systems. It can be difficult to make a software program portable: the C compiler differs from system to system; certain library functions are missing on some systems; header files may have different names. One way to handle this is to write conditional code, with code blocks selected by means of preprocessor directives (#ifdef); but because of the wide variety of build environments this approach quickly becomes unmanageable. Autotools is designed to address this problem more manageably. Autotools is part of the GNU toolchain and is widely used in many free software and open source packages
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GNU Compiler Collection
The GNU
GNU
Compiler
Compiler
Collection (GCC) is a compiler system produced by the GNU Project
GNU Project
supporting various programming languages. GCC is a key component of the GNU
GNU
toolchain and the standard compiler for most Unix-like
Unix-like
operating systems. The Free Software Foundation
Free Software Foundation
(FSF) distributes GCC under the GNU
GNU
General Public License ( GNU
GNU
GPL). GCC has played an important role in the growth of free software, as both a tool and an example. Originally named the GNU
GNU
C Compiler, when it only handled the C programming language, GCC 1.0 was released in 1987.[1] It was extended to compile C++
C++
in December of that year
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GNU Binutils
The GNU
GNU
Binary Utilities, or binutils, are a set of programming tools for creating and managing binary programs, object files, libraries, profile data, and assembly source code.Contents1 Tools 2 Commands 3 elfutils 4 See also 5 References 6 External linksTools[edit] They were originally written by programmers at Cygnus Solutions. The GNU
GNU
binutils are typically used in conjunction with compilers such as the GNU
GNU
Compiler
Compiler
Collection (gcc), build tools like make, and the GNU Debugger
GNU Debugger
(gdb). Through the use of the Binary File
File
Descriptor library (libbfd), most tools support the various object file formats supported by libbfd. H.J
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GNU GRUB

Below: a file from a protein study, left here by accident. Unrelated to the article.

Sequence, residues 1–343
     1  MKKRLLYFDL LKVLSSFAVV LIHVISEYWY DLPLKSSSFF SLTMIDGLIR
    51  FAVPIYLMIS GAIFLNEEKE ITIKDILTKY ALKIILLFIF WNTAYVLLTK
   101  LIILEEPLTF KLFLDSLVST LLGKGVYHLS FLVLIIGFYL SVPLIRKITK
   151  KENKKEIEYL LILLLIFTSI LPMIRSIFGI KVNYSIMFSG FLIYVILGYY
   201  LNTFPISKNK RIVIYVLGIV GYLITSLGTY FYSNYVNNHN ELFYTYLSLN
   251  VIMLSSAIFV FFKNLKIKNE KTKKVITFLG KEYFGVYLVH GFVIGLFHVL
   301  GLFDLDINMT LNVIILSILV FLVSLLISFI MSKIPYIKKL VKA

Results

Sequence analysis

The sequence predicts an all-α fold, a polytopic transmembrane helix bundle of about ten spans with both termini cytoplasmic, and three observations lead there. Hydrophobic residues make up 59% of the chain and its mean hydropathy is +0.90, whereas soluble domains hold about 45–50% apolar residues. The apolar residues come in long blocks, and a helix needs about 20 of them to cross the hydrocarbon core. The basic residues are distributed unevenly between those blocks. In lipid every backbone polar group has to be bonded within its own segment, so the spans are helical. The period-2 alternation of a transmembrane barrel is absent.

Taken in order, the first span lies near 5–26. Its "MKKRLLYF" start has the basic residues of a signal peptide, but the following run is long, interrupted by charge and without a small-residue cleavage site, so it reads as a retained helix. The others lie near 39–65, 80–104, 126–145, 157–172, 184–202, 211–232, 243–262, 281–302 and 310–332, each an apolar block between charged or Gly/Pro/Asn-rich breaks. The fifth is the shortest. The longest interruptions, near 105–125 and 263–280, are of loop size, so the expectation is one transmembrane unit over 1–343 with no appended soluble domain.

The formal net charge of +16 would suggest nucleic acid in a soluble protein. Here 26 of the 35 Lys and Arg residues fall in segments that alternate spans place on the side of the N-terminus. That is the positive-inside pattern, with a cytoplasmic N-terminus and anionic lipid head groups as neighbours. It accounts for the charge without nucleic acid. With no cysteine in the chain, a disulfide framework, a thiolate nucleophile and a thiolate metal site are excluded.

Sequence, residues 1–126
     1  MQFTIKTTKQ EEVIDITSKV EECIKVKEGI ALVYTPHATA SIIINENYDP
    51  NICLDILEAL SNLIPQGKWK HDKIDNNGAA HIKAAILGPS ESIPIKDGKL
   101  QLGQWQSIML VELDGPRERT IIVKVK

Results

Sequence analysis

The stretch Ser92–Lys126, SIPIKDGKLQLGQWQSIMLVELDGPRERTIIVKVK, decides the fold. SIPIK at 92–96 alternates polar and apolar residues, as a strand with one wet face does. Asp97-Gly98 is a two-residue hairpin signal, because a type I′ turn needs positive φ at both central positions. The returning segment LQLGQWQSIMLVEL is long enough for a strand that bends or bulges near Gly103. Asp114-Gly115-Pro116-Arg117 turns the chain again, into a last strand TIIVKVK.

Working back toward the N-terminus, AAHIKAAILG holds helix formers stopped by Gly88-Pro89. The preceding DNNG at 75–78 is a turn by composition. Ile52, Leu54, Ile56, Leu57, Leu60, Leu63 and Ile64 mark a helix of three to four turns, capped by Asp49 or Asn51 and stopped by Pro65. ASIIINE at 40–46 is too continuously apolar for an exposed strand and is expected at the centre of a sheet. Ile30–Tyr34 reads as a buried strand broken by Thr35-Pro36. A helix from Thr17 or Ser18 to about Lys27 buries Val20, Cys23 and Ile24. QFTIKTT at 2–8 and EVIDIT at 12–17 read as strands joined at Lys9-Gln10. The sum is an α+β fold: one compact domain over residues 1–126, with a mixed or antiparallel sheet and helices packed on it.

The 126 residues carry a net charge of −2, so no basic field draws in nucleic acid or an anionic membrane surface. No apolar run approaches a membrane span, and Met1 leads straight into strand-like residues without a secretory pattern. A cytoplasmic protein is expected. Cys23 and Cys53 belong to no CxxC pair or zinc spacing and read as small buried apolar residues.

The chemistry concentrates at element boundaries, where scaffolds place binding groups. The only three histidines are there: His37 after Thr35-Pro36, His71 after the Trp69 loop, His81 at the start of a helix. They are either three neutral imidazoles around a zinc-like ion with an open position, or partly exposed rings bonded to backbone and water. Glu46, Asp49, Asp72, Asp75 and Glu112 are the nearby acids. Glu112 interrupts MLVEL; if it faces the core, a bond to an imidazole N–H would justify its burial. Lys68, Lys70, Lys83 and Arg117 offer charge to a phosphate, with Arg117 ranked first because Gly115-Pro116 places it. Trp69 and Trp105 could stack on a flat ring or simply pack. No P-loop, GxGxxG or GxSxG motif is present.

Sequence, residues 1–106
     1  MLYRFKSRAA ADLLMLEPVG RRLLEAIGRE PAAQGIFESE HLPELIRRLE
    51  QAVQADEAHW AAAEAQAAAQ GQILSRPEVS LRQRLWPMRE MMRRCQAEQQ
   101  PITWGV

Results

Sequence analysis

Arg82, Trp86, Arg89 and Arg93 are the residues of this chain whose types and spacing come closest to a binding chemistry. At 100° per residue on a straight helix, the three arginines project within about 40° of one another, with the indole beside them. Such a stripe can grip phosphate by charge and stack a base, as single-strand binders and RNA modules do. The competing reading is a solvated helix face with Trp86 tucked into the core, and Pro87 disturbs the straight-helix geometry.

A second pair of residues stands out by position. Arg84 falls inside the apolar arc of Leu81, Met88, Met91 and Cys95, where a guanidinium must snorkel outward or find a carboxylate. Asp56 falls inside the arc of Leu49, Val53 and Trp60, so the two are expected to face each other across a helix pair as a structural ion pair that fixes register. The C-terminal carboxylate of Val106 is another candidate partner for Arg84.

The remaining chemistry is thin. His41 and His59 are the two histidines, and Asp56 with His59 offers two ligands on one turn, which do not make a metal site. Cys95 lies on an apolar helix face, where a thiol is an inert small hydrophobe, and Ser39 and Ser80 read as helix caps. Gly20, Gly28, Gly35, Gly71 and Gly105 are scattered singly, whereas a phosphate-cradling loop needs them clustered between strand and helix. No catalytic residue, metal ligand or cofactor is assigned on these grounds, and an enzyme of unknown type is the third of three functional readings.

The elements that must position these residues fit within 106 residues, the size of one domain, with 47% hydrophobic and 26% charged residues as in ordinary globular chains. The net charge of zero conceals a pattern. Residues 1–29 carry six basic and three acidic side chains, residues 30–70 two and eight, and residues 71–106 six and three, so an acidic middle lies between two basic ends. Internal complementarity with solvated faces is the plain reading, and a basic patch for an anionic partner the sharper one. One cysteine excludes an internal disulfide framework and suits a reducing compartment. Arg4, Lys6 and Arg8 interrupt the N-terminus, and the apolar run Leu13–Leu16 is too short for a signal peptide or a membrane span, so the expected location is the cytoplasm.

GNU
GNU
GRUB (short for GNU
GNU
GRand Unified Bootloader) is a boot loader package from the GNU
GNU
Project. GRUB is the reference implementation of the Free Software Foundation's Multiboot Specification, which provides a user the choice to boot one of multiple operating systems installed on a computer or select a specific kernel configuration available on a particular operating system's partitions. GNU
GNU
GRUB was developed from a package called the Grand Unified Bootloader
Bootloader
(a play on Grand Unified Theory[5]). It is predominantly used for Unix-like
Unix-like
systems
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GNU Free Documentation License
The GNU
GNU
Free Documentation License ( GNU
GNU
FDL or simply GFDL) is a copyleft license for free documentation, designed by the Free Software Foundation (FSF) for the GNU
GNU
Project. It is similar to the GNU
GNU
General Public License, giving readers the rights to copy, redistribute, and modify (only when without "invariant sections" restrictions) a work and requires all copies and derivatives to be available under the same license. Copies may also be sold commercially, but, if produced in larger quantities (greater than 100), the original document or source code must be made available to the work's recipient. The GFDL was designed for manuals, textbooks, other reference and instructional materials, and documentation which often accompanies GNU software. However, it can be used for any text-based work, regardless of subject matter
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GNOME
GNOME
GNOME
(pronounced /ɡnoʊm/[6] or /ˈnoʊm/[7]) is a desktop environment composed of free and open-source software that runs on Linux
Linux
and most BSD derivatives.[8] GNOME